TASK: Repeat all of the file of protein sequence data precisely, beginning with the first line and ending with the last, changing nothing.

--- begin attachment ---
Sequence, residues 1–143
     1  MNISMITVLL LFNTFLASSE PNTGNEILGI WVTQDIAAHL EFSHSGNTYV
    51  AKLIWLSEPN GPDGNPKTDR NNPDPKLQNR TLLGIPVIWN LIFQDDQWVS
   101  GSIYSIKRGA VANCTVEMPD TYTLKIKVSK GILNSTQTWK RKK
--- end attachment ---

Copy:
Sequence, residues 1–143
     1  MNISMITVLL LFNTFLASSE PNTGNEILGI WVTQDIAAHL EFSHSGNTYV
    51  AKLIWLSEPN GPDGNPKTDR NNPDPKLQNR TLLGIPVIWN LIFQDDQWVS
   101  GSIYSIKRGA VANCTVEMPD TYTLKIKVSK GILNSTQTWK RKK